10 technologies that are completely ruining your fun

Ten technologies that ruin the fun for everyone
Why do we let such little things have so much power over us?

The world can be a sad and scary place, so it's important to find fun wherever you can.

For some of us that means calling in sick when there's a new Call of Duty to play; for others it's hurling a battered Ford Fiesta down a back road at 300mph; and for many of us it's listening to music or going to a show.

Unfortunately for us, tech can be used to make our favourite things considerably less fun. These are our least favourite buzz kills from the world of tech - have we missed any of your major offenders?

1. BlackBerry

Back in the old days, work was something you did at work. It didn't follow you home and demand the latest sales figures when you ate your dinner, it didn't sneak on board the plane when you went on holiday and it didn't flash LEDs at you when you spent quality time with the kids.

Then RIM invented the CrackBerry, turning work into an always-on, inescapable activity.

Ten technologies that ruin the fun for everyone

BlackBerries enslaved white collar workers the world over. Thanks, RIM. Thanks a bunch

2. Browser detection

Used wisely, browser detection is a good thing - you don't want a full-fat, Flash-heavy website if you're on a small phone. Unfortunately it's largely used unwisely, showing tablet users sites designed for teeny-tiny screens and yelling WE HAVE AN APP WE HAVE AN APP DO YOU WANT TO BUY OUR APP GO ON IT'S AN APP BUY THE APP BUY THE APP BUY THE APP when you're trying to find a bus timetable.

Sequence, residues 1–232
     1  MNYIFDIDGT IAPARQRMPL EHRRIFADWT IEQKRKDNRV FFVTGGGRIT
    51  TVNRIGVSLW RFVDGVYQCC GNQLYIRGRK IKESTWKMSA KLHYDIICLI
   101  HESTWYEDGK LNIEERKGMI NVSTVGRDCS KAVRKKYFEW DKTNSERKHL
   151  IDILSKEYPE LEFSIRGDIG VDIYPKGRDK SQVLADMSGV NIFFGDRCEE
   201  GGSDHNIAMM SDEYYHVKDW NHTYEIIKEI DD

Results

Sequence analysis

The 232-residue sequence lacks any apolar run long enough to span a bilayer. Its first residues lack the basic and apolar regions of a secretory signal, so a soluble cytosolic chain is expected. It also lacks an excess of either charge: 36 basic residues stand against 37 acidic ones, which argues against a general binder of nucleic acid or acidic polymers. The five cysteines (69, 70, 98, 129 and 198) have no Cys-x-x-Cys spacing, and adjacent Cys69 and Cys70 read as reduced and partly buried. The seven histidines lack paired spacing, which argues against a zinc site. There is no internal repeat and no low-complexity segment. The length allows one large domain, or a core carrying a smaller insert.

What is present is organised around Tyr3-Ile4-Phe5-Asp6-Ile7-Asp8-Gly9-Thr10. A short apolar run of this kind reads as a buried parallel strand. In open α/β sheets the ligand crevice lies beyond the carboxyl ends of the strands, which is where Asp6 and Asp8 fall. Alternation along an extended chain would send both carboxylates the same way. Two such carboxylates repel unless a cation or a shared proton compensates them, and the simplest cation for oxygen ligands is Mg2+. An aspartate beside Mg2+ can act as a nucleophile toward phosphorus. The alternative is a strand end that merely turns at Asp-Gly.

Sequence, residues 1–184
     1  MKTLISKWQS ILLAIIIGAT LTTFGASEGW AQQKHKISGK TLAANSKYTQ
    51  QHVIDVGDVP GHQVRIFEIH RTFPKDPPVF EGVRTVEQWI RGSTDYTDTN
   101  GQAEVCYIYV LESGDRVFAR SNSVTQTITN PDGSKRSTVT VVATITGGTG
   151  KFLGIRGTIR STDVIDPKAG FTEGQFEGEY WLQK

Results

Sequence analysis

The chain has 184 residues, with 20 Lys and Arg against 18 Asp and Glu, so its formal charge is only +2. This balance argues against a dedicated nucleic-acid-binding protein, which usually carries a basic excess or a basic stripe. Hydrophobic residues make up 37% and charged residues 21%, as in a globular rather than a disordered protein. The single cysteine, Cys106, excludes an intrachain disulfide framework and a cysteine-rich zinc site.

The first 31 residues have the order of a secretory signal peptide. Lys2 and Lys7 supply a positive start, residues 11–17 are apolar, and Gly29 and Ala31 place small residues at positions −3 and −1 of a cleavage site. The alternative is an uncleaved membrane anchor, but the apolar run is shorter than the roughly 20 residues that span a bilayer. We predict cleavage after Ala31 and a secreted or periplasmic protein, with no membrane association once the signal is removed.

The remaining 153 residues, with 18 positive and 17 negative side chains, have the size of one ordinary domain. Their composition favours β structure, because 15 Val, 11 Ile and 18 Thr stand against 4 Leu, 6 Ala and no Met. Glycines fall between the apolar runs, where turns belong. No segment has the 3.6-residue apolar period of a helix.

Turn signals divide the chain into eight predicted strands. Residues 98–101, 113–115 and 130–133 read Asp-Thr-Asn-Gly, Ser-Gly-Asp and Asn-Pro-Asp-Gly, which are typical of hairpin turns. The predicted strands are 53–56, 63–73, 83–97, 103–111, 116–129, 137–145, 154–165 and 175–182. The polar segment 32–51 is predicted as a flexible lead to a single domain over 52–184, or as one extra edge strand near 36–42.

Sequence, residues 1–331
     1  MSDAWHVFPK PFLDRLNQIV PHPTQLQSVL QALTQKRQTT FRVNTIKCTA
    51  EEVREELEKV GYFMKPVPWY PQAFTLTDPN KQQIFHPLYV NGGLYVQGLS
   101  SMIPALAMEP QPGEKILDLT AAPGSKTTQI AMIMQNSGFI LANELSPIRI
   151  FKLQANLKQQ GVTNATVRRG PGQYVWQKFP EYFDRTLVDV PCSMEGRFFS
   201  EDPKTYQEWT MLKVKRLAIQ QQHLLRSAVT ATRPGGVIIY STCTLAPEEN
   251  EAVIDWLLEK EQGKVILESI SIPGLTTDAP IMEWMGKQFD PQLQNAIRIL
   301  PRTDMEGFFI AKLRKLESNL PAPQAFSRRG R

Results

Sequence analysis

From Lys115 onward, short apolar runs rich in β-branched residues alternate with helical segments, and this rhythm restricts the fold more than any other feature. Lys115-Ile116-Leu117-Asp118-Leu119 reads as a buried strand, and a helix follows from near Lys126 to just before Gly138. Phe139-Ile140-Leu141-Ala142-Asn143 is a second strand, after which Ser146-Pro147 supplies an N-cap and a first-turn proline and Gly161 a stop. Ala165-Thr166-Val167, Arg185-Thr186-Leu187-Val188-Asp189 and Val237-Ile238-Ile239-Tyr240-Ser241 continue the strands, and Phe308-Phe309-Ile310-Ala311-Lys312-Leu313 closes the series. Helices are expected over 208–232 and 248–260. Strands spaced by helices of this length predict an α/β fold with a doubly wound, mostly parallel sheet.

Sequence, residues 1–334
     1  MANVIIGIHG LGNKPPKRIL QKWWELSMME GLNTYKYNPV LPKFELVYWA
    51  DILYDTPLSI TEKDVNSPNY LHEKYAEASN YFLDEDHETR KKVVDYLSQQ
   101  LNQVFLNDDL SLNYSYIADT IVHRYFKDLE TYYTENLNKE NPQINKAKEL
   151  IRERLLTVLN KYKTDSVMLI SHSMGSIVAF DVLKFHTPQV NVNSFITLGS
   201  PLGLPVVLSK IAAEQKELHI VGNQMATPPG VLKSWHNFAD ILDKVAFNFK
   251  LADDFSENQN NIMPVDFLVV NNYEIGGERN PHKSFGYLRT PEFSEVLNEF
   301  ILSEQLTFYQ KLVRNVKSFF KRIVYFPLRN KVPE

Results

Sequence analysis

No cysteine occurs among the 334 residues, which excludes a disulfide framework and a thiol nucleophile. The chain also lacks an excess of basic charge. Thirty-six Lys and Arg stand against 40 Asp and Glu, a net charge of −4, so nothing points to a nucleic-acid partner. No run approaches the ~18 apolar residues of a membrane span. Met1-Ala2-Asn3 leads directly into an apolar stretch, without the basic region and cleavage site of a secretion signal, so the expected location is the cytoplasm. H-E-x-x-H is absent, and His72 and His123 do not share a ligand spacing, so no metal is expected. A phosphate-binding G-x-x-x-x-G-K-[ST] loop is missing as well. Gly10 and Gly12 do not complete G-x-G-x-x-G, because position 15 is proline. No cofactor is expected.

Ten technologies that ruin the fun for everyone

If your browser's name isn't down, you're not coming in

3. Online ticketing

Going to live events used to be simple. Bands or comedians would advertise their shows, you'd phone the box office, and after a bit of redialling you'd be able to get tickets. Touts were a rare breed and individual tickets didn't cost more than you earned in a fortnight.

Now, the combination of bots and armchair touts means that any high-profile gig sells out in milliseconds - not to fans, but to people who instantly put the tickets on auction and secondary ticketing sites for even more than the already ridiculous ticket price.

Think we're exaggerating? There are Rolling Stones/Bon Jovi tickets on ViaGogo that will set you back £42,489.82 for six people. That includes a £5,400 booking fee.

Ten technologies that ruin the fun for everyone

42 grand for two concerts? For that money, we'd expect to own Keith Richards

4. Social media

The list of social media fun-killers includes strangers' boring baby photos, constant product pimping and stupid games, but the big fun-buster is when your friends grass you up by tagging you in their updates, photos or check-ins. It ruins sickies and "I'd love to come, but I'm going to a work thing" excuses, and makes it awfully hard to avoid Boring Dave when the people you're with have just told him your precise location.

Ten technologies that ruin the fun for everyone

You know not to overshare on social media, but can you stop your friends landing you in trouble?

5. Black boxes in cars